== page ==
April garden plant maintenance

April garden plant maintenance in Wokingham and Maidenhead

Berkshire and surrounding areas

Rhododendron tree at St Paul’s church in Wokingham

April in the garden is wonderful, so much to see (and do!) – spring is in full bloom despite unpredictable weather from a heatwave to a ground frost and/or sleet, wind and too much rain. Be prepared! Veg and bedding plants still need to be protected by cloches and fleece. Slugs and snails are about and won’t do tender plants any good at all. More on that later.

Many different colours can come from a wildflower patch which doesn’t need a lot of room. Sowing seeds from a packet may seem like a lot of work, in which case try a self-seeded wildflower roll, available from many reputable gardening sites online. It may look a bit flimsy when you unroll it but won’t come to much harm if handled gently. Unroll it onto an area of dry soil that is free of weeds and warm enough for germination. There are lots of instructions on the gardening sites.

April is the time to save money when buying bedding plants if you have a greenhouse because, by taking advantage of special offers in nurseries, you can buy small plants and grow them on. There’s a huge choice of these little plants from garden centres and internet sites, not only for bedding but for vegetables too. They do need frost-free surroundings and as much light as possible (greenhouse, conservatory or window sill for example) plus care with watering. Then they need re-potting as they grow, slowly, sort of one pot size up per growth stage: they don’t like being re-potted in large pots.

The Number One Garden Enemy at this time are slugs and snails. Each one seems like a Tardis in that they can eat more of your precious plant growth than seems physically possible for their size.

Nematodes are an effective way of killing slugs and snails although quite hard work because they have to be watered into soil as it’s warming up – and six weeks later this has to be done again. Beer traps work too: any old cheap beer as slugs are not real ale experts. Fill a trap that has a lid as rain can dilute the beer and this can diminish the alluring attraction!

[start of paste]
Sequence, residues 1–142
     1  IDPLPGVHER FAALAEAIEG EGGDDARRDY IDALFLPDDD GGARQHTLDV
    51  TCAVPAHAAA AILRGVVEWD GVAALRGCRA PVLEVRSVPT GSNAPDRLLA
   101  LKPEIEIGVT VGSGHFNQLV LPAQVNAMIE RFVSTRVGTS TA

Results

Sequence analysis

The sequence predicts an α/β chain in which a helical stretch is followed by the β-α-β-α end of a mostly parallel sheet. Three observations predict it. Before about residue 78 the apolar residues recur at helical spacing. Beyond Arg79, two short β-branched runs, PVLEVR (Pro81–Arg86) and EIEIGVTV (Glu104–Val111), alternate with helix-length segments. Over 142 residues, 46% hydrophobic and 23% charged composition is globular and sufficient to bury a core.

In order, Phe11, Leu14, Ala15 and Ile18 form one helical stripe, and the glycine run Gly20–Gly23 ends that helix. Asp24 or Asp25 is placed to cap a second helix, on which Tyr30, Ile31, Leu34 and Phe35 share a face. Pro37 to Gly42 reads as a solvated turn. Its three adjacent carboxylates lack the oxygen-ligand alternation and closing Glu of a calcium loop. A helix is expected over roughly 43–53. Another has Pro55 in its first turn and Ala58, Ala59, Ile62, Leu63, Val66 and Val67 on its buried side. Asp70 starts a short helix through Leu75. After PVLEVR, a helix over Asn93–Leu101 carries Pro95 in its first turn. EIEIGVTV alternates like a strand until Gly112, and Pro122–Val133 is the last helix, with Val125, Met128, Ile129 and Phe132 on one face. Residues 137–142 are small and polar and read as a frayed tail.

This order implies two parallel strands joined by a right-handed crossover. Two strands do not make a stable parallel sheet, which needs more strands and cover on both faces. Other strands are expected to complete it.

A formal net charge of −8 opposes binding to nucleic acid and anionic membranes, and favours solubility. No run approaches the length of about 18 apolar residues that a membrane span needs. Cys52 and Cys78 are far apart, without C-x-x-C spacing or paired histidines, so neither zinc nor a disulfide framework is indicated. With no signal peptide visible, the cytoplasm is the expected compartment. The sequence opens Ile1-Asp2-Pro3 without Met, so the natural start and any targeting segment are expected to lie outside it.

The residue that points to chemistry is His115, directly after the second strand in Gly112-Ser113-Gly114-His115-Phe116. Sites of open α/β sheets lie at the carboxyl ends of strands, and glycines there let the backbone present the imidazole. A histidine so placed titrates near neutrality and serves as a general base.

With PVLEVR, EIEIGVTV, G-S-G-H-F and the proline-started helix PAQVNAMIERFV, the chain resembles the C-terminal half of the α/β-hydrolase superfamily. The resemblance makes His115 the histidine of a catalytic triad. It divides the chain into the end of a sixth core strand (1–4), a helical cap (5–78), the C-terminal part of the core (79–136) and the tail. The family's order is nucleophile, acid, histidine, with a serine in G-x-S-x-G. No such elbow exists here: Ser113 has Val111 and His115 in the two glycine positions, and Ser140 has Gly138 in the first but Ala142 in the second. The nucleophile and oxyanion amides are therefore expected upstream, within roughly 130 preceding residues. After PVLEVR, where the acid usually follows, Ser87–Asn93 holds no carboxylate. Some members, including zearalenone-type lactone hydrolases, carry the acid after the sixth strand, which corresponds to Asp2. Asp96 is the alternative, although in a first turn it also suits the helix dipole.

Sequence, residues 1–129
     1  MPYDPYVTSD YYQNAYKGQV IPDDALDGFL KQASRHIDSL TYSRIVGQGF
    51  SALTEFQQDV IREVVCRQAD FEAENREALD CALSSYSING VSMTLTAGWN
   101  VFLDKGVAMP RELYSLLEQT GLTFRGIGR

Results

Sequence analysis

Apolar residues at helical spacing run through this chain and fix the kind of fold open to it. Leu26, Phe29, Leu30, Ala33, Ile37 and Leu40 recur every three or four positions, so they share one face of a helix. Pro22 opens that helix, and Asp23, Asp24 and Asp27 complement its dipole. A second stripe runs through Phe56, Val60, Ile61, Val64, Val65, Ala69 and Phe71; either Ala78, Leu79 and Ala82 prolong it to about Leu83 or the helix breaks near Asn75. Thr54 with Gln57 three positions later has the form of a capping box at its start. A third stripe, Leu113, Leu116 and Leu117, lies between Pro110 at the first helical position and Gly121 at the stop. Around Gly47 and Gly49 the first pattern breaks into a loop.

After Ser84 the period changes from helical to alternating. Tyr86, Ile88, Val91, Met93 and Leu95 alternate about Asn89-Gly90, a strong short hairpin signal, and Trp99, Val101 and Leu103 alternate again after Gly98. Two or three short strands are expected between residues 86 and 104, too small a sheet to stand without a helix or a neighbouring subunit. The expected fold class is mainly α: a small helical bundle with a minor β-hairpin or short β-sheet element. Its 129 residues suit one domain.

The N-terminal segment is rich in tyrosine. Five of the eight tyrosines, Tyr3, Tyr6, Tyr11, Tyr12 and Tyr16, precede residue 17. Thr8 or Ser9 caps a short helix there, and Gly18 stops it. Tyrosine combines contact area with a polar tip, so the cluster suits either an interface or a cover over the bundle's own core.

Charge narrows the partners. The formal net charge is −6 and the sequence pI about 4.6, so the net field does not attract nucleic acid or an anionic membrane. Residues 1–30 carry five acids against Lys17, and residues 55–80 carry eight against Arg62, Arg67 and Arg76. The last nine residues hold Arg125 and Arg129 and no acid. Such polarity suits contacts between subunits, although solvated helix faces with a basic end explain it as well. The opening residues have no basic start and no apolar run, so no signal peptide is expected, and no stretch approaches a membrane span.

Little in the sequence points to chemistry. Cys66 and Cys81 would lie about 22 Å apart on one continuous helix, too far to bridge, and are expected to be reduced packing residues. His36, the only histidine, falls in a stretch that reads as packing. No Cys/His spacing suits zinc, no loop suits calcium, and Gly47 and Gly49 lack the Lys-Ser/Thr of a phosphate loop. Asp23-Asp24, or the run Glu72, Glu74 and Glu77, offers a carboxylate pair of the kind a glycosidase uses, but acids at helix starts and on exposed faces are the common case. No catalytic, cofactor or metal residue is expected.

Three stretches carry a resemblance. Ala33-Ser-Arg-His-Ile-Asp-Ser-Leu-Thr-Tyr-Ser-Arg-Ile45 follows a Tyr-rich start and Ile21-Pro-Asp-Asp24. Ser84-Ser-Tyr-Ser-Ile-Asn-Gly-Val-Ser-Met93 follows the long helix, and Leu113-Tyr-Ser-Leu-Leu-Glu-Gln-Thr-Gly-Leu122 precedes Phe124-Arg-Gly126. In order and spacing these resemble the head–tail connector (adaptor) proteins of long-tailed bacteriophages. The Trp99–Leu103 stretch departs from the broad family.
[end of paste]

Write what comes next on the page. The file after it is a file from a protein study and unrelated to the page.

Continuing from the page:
Slug pellets do not have a good reputation as the traditional ones are toxic for domestic pets, wild animals and birds and no good for gardeners either. However, organic slug pellets are now available and much safer. Pellets are effective when spread around susceptible plants although rain will wash them away which can be a problem in the average English summer.

If the slugs have chewed a bedding plant don’t worry. If it’s not too badly eaten, you can dig it up and replant in a pot or greenhouse away from the slug. Often it will recover enough in two or three weeks and can be planted out again. There are also slug-resistant bedding plants.

Thrushes love snails and will rummage around in borders and undergrowth for them! Cotoneaster horizontalis, Ivy, native Rowan (Sorbus aucuparia) Pyracantha, and Berberis darwinii are some suggestions for attracting thrushes.

Thrushes, frogs, slow worms, hedgehogs and some types of beetle. Thrushes eat large snails but blackbirds and mistle thrushes  prefer the smaller ones.

In the meantime, there are some beautiful plants which thrive at this time of year: magnolia trees, rhododendrons and flowering cherry; a lovely dwarf Cherry (Prunus incisa “Kojo-no-mai”) is ideal for any border or container is. A good early clematis which can cover a fence or wall or even be grown through an early flowering shrub is Clematis alpina “Columbine” with beautiful pale blue lantern flowers

If you’re short of time and/or inclination, don’t forget that a Gardeneer team can take care of your lawn, plant, dig, weed, tidy up and help you with the multitude of garden tasks that need doing at this time of year.

Jobs for April

  • Apply a general-purpose fertiliser to borders and beds. Take care not to damage emerging shoots, or to burn them with fertiliser.
  • Put supports in place for perennials before they get too large. Criss-crossing strings from hidden or decorative posts allows stems to grow up in the gaps between strings.
  • Remove faded daffodil and tulip flowers, nipping off the heads and seed pods at the same time.
  • Deadhead pansies, primulas and other spring bedding plants. Pansies will carry on into the spring and even to early summer, if attended to frequently.
  • Remove tired winter bedding and plants that did not survive the winter.
  • Check that self-seeded forget-me-nots aren’t smothering other border plants. Pull out plants if necessary.
  • Hoe borders to prevent annual and perennial weeds from spreading and seeding themselves.
  • Herbaceous perennials infested with couch grass and other perennial weeds should be lifted so the roots of the weeds can be removed.
  • Bulbs coming up in the rock garden or in containers may benefit from overhead protection from the rain. A sheet of glass or Perspex placed on bricks will do the job.
  • Top dress spring-flowering alpines with grit or gravel to show off the plants and to help prevent stem rots. Any mulches may need replacing after weed removal. You could plant up an alpine trough to display some of your alpine plants as many can look their best at this time of year.
  • Check whether containers need watering. Even at this time of year, they can dry out.
  • Pots and tubs benefit from topping up with fresh compost. Old compost can be removed and replaced with new to a depth of 5cm (2in) if there is not much room for topping up.
  • Buy fresh potting compost from your local garden centre and store it in a cool dry place in preparation for the season ahead.
  • Water butts are a worthwhile investment for the season ahead. Position them under a downpipe to make the most of rainfall.